Green and sustainable financial support programs are thriving throughout Asia, to offset the high administrative costs associated with issuing green bonds compared to regular bonds, including consulting and independent evaluation fees from organizations like Moody’s Ratings. Green bond support programs are being implemented in Japan, Hong Kong (China), China, and Singapore, offering incentives that make it easier for businesses to access sustainable financing. “These initiatives have helped ease financial barriers and promote the development of sustainable financial markets,” Mr. Lee added.

In addition to green financial support programs, many countries in Asia also provide subsidies for ESG skills training. Disclosing ESG factors has become essential within the sustainable finance market, but the lack of data presents challenges for investors and ratings agencies like Moody’s.

In Singapore, Hong Kong (China), and Japan, ESG disclosure is now a mandatory requirement when listing on the stock exchange, in a bid to help develop sustainable financial markets.

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Europe and the Asia-Pacific currently lead in terms of total issuances of green bonds, while the US, Latin America, and other supranational entities contribute only a small proportion. Though Asia’s presence in the global sustainable finance market was previously quite small, the region has seen significant growth over the past four or five years.

The issuance and share of ESG bonds in the Asia-Pacific region increased from less than 5 per cent of total bond issuances in 2019 to about 14 per cent in 2024. Mr. Lee predicts that this figure will continue to rise, potentially reaching levels comparable to Europe, where ESG bonds account for about 50 per cent of all bond issuances. Large corporations in Asia are also actively investing in sustainable finance, focusing on areas such as renewable energy, green building construction, and improving energy efficiency. Therefore, investing in sustainable finance is playing a strong catalytic role in the issuance of green bonds in the Asian region.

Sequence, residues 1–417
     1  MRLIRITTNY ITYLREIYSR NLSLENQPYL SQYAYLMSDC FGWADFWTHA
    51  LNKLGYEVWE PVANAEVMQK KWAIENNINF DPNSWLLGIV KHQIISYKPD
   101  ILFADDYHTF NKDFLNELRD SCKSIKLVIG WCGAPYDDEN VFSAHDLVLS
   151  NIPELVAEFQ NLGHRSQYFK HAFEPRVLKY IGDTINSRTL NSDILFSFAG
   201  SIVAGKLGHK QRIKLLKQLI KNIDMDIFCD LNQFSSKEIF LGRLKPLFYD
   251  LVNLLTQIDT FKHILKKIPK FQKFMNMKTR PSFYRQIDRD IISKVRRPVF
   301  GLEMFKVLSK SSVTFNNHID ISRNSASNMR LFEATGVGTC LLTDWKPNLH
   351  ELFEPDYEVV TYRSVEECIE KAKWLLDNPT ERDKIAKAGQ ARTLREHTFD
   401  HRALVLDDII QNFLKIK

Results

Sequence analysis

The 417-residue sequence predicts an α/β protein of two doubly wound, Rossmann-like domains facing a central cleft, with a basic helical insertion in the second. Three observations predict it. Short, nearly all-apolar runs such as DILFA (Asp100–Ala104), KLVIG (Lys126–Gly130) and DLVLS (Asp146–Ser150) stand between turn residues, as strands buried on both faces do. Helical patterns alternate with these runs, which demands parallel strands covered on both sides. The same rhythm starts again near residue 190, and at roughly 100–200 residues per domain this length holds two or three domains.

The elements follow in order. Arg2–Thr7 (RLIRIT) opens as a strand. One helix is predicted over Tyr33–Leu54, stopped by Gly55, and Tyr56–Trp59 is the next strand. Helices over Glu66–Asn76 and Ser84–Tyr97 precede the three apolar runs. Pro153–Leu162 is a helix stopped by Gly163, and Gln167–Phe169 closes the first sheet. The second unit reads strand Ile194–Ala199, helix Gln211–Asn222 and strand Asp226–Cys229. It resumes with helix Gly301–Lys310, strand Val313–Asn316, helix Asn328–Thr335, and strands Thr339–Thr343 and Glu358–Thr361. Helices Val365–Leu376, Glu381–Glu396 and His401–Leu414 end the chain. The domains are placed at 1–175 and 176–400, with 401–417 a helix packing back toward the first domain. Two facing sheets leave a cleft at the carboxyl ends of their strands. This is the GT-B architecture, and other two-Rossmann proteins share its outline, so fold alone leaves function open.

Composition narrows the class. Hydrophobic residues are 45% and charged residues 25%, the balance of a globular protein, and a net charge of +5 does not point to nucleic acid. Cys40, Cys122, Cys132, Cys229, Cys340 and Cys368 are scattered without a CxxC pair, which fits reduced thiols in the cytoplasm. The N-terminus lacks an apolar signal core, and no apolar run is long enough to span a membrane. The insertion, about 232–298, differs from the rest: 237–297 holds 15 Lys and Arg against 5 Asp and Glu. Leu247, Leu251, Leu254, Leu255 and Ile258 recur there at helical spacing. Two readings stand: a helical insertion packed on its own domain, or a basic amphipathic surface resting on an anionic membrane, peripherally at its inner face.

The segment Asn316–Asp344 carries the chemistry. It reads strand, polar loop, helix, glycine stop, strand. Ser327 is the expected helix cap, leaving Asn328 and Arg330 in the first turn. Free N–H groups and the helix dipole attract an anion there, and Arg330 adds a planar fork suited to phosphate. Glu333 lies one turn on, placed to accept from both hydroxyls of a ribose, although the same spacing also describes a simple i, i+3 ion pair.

“Specifically in Vietnam, Moody’s Ratings greatly appreciates the green bond framework at the Bank for Investment and Development of Vietnam (BIDV),” Mr. Lee said. “This framework not only complies with the principles of the International Capital Market Association (ICMA) but also excels in best practices.”

BIDV has also invested in renewable energy projects such as solar and wind energy farms as well as electric and hybrid vehicle projects, demonstrating its strong commitment to the sustainable financial market.

Boosting green bond issuances

In regard to the sustainable quality score (SQS) of green bonds, scores in Asia are still slightly lower than those in Europe and the Americas. Some 85-87 per cent of green bonds in Europe and the Americas have high SQS, compared to 77 per cent in Asia. This discrepancy is partly because the Asia region focuses greatly on heavy industry and manufacturing, leading to lower project quality compared to regions focused on services.

Furthermore, more than 40 per cent of companies in Asia lack data on their decarbonization roadmap, and 26 per cent have declared no specific targets. This is in stark contrast to Europe, where 45 per cent of companies have committed to achieving a decarbonization roadmap. This disparity indicates that Asia needs to make greater efforts to meet global decarbonization and sustainable development standards.

However, according to Mr. Lee, in November 2023, Moody’s Ratings received positive feedback from investors on creating transitional products, enhancing clarity in the sustainable finance market. He therefore predicts that green transition initiatives will drive sustainable bond issuances in the Asia-Pacific region post-2024.

At the same time, increased regulatory oversight and investor interest will continue to drive the development of sustainable financial markets. Climate change mitigation plans will be an essential part of companies’ strategies to ensure sustainable development and minimize financial and reputational risks.

The original article is written and published on VnEconomy in Vietnamese only. To read the full article, please use the Google Translate tool below to translate the content into your preferred language.